18/10/2012 from http://www.standard.co.uk/news/london/four-million-litres-of-sewage-flow-in-to-thames-every-day-8215845.html
Nearly four million litres of sewage a day is leaking into rivers in London and the South-East because plumbers are connecting household pipes to the wrong drains.
Thames Water said the foul waste from misconnected sewers - totalling one and a half Olympic swimming pools’ worth – causes untold environmental damage and more should be done to prevent it.
The problem occurs when household and businesses’ drains – connected to appliances such as dishwashers, washing machines, basins and toilets - are wrongly connected to the surface water drain, instead of the foul water system, resulting in untreated sewage, rather than rainwater, entering the local river and damaging wildlife habitats.
Engineers are able to trace which premises are responsible, with one in ten households affected.
Currently local councils are responsible for making sure homeowners fix the problem, while water companies and the Department for Environment, Food and Rural Affairs are accountable for tackling the pollution.
But Thames Water want a change in the law to allow it to have powers to ensure households comply, as it believes not enough is being done to rectify the problem.
Allowing it to properly enforce fixing the misconnected pipes will not only reduce the environmental damage, but also cut down on the company’s water treatment costs, it believes.
In written evidence to the Government on the draft Water Bill, it said a “minor regulatory change” would have “significant environmental benefit.
“While companies are accountable for tackling this pollution, enforcing work at private properties to address it is the responsibility of local authorities, who are not incentivised or always resourced to give it the priority it warrants.
“Granting companies these powers, in addition to local authorities, would make the resolution of misconnections potentially more efficient for local authorities, companies and customers. It would represent a minor regulatory change for a significant environmental benefit.”
A spokesman for Thames Water said it wanted to put pressure on the Government to tackle the problem.
He said: “Too often this problem is ‘out of sight, out of mind’. But it is significant, and we want to properly enforce compliance, along with local authorities, because it will make a big difference.”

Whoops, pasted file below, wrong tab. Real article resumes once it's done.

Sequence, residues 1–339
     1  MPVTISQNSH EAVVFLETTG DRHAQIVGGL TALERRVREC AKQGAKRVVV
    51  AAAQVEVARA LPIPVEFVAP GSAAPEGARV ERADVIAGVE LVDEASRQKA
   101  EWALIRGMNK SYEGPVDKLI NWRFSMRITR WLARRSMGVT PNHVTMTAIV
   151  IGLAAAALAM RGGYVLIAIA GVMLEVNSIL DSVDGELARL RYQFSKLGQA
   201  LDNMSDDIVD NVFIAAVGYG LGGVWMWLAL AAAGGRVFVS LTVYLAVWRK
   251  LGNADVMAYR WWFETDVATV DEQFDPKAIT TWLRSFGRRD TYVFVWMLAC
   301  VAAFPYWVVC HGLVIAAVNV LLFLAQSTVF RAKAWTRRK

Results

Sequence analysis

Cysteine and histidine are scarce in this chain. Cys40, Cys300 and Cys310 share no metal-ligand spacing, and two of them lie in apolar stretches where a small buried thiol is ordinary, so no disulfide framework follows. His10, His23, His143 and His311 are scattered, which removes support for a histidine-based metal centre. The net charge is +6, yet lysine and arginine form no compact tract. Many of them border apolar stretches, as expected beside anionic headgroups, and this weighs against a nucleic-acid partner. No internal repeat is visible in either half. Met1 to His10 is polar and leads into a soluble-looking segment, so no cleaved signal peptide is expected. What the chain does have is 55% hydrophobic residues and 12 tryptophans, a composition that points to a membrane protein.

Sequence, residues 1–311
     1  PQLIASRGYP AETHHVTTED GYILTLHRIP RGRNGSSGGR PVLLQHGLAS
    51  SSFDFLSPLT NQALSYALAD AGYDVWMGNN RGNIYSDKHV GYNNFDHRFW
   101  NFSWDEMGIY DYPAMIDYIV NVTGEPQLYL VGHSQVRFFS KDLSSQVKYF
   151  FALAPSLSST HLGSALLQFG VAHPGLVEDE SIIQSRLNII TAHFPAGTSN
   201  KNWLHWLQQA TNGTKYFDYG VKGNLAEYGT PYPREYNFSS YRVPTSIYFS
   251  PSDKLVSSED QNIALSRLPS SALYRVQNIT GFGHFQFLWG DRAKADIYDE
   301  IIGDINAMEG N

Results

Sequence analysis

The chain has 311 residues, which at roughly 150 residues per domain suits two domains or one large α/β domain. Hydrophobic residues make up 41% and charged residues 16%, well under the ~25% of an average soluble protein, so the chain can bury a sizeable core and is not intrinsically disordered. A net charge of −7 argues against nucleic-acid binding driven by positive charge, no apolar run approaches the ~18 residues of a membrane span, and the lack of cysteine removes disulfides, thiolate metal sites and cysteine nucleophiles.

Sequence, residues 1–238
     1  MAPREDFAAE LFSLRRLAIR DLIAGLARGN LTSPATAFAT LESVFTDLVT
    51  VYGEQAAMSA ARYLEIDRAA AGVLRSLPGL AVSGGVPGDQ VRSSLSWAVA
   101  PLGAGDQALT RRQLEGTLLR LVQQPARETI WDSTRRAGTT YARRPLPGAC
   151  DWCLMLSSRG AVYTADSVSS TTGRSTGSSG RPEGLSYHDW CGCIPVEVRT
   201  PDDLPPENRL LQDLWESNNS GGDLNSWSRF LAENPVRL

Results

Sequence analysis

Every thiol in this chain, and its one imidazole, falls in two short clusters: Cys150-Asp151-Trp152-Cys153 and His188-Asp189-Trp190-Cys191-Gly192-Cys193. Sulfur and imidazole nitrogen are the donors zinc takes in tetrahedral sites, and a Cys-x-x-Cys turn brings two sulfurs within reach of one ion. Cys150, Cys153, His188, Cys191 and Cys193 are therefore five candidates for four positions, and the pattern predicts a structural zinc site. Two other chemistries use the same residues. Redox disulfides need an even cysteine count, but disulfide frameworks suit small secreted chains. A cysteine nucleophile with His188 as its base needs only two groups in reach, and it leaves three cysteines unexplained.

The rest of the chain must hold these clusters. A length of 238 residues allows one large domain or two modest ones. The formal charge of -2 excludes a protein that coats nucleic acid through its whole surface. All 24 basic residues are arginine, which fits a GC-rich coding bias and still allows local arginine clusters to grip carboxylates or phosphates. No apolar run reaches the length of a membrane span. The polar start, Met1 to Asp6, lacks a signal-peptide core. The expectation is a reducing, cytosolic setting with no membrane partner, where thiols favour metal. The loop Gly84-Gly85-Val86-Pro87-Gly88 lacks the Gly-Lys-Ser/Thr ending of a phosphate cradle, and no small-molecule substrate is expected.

The government said it has examined empowering water companies to enforce changes to plumbing within households.
But it has not recommended extra legislation to effectively permit them to bring prosecutions if homeowners do not comply is currently needed.
Instead, it has made a commitment to work “with the general public on such matters as misconnections to the sewerage system and disposal of fats, to raise awareness and encourage action”.
Defra said it was also working with the Environment Agency and water companies in a range of trials to assess the viability of expanding the use of Environment Agency anti-pollution works notices – powers given to the company to prevent activities that contribute to water pollution - as “an alternative approach to enforce misconnections” when homeowners who can afford it have refused to have work done to change the pipes.
A spokesman for Defra added: “Misconnected pipes can lead to water pollution and we are working closely with the Environment Agency to support a number of public awareness campaigns to highlight the problems that can be caused. Water companies have already started to look at ways to tackle misconnections effectively.”
The Draft Water Bill proposes an overhaul of the water industry to help keep bills down and encourage innovation, while also dealing with issues such as the problem of a growing population and less certain water supplies.
Under the proposals all businesses and public sector bodies in England will be able to switch their water and sewerage suppliers, allowing them to obtain more competitive prices.